Together with Prof. Solveig Richter, University of Leipzig, and Raphael Robiatti, Brandt School, we have edited a publication supported by the Bundeskanzler-Willy-Brandt-Stiftung. We use the 40th anniversary of the so-called Brandt Report as a moment to look at the legacy of the report on policymaking.
“At the beginning of a new decade, only twenty years
short of the millennium, we must try to lift ourselves
above the day-to-day quarrels (or negotiations) to see
the menacing long-term problems. We see a world in
which poverty and hunger still prevail in many huge
regions; in which resources are squandered without
consideration of their renewal; in which more
armaments are made and sold than ever before; and
where a destructive capacity has been accumulated to
blow up our planet several times over.”
(Brandt Commission, 1980)
In particular, we look at how the report’s agenda and mission endure the latest round of populist governments in many countries crucial for the international order. We collect eight contributions of 15 authors from 11 different countries to understand the consequences of populism on policymaking in general and the Brandt agenda in particular. The case studies range from how populist treat crucial issues such as the Colombian peace referendum or the so-called caravan of transmigration in Mexico to the legacy of the Brandt report on the development agenda in Germany and the UK recently harmed by the rise of populist forces in both countries.
40 years have passed since the launching of the Brandt Report.
40 uneasy years. Landmark publications like the Brandt Report
often emerge in two different situations. They can usher in a
new age of political thinking; in this case, they truly shape a
new paradigm to change our understanding of how the world
works. Alternatively, they are the last battle cry of a foregone
epoch; in that case, the timing marks the end of a cycle and a
style of thinking. Remarkably, the Brandt Report is both. In a
positive sense, in the sense of creating a paradigm, Edward
Kaweesi and Steve Khaemba have shown in this contribution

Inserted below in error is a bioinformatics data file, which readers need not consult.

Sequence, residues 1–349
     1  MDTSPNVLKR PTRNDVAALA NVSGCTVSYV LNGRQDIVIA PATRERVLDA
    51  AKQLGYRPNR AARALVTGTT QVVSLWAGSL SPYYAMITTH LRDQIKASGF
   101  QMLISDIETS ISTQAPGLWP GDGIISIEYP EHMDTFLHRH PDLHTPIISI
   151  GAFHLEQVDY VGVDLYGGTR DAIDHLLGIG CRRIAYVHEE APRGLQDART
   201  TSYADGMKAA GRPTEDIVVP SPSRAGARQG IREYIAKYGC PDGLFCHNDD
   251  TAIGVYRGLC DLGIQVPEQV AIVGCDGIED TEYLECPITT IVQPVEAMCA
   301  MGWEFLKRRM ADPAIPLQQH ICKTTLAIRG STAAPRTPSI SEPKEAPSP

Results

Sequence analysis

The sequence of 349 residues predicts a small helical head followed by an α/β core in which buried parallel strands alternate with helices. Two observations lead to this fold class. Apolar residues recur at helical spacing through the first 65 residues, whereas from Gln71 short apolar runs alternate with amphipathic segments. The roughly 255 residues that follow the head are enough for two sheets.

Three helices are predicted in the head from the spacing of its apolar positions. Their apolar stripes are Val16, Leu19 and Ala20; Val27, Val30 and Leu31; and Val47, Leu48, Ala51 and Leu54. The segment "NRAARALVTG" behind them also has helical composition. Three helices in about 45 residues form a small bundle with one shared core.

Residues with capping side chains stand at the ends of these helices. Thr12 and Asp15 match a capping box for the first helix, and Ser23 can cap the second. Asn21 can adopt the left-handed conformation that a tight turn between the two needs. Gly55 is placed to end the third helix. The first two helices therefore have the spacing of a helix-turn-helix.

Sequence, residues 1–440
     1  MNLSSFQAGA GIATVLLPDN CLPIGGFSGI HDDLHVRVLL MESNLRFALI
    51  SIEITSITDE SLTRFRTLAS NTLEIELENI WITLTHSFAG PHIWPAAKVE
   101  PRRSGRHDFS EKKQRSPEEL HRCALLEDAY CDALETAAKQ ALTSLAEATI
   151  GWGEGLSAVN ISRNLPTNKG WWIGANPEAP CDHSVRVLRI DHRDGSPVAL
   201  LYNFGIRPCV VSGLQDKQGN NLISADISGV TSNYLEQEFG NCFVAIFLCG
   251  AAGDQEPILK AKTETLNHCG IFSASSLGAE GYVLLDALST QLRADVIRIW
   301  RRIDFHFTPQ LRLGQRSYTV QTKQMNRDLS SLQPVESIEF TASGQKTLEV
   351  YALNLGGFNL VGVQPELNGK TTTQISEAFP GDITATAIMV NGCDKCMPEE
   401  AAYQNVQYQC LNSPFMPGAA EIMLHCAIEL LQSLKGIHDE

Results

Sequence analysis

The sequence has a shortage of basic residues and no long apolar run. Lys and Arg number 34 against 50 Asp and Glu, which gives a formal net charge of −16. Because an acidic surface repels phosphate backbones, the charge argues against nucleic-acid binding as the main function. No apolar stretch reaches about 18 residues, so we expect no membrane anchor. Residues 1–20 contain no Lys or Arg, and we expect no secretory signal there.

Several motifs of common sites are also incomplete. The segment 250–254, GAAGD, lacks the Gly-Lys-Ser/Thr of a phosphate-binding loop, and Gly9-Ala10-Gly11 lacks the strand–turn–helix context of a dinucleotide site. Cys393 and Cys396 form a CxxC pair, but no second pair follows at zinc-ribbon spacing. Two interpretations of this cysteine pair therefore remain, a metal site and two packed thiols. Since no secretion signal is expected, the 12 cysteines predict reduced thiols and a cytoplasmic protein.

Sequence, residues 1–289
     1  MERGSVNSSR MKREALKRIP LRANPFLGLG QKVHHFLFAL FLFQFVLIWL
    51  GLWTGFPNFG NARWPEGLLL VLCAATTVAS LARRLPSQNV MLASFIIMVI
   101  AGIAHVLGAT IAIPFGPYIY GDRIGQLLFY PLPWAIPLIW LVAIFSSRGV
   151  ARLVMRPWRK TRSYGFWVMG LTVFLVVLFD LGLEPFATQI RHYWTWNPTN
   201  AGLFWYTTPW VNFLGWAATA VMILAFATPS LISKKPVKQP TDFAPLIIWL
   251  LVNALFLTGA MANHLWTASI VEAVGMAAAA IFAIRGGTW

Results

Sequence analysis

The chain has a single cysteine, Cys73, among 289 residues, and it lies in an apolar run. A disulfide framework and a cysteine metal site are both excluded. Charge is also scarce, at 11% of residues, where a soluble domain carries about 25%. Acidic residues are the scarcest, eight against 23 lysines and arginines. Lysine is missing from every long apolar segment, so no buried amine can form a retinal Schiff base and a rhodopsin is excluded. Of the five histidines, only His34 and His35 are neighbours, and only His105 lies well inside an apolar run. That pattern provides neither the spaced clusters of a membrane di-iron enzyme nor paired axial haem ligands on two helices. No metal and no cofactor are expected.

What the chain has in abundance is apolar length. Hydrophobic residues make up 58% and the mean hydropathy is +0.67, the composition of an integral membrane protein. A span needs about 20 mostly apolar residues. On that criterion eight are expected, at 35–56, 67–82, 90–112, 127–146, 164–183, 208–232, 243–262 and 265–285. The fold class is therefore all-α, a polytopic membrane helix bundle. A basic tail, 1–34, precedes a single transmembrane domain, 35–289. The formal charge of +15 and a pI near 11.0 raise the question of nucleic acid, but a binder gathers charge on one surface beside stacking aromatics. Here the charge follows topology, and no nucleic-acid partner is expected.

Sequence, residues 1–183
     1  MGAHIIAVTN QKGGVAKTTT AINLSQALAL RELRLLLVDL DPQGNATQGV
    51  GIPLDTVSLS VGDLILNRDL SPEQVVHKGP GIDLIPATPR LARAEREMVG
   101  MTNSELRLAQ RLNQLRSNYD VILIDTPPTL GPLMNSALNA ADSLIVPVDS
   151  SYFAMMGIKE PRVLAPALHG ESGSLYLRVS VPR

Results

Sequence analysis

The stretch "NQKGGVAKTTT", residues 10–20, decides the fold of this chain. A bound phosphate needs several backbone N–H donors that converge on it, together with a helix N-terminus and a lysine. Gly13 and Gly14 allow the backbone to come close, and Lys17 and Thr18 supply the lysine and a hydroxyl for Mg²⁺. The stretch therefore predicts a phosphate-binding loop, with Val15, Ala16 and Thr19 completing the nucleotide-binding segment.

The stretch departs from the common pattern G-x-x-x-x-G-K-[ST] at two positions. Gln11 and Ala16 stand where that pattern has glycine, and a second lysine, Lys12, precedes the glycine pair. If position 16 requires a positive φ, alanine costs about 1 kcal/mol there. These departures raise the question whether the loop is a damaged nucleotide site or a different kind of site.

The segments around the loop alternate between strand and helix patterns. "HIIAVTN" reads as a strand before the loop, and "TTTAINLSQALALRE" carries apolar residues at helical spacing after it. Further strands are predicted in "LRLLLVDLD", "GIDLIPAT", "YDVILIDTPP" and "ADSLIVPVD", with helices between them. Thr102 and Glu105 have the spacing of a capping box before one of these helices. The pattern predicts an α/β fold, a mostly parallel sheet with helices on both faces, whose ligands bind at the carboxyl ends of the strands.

how the Brandt Report has inspired policymakers to find new
solutions to problems of international inequality. For instance,
the Brandt Report called for an international trade organization.
Indeed, a few years later, in 1994, the Uruguay Round of the
GATT established the foundation of the World Trade
(Kemmerling and Reis, 2020, p.175)
We find that the latest round of populism has left a particular imprint on policymaking, which is visible in terms of style, rhetoric, and content. The (neo-)liberal revolution of the 1980s already demolished, in part, the so-called embedded liberalism as the international order which underwrote much of the Brandt report: liberal exchange in trade and flows of money and (to a lesser extent) people plus social policies which accommodate the shocks such liberal flows bring with them. In particular, it questioned the usefulness of social policies in this regard. Now, populism questions both the liberal exchange of money, commodities, people, and a solidaristic safety net within and, in particular, between countries. In this sense, the Brandt agenda remains as crucial as it was 40 years ago.
Brandt himself wrote in his introduction to the Report about
‘Shaping Order from Contradictions.’ Indeed, we do live in a
new age of contradictions. The populist challenge can be a
useful wake-up call to re-establish a new, more inclusive
international political order that allows for more equity, peace,
and prosperity for all.
(Kemmerling and Reis, 2020, p.183)
We have created a Youtube Playlist containing short videos where authors summarize their contributions, you can watch them here.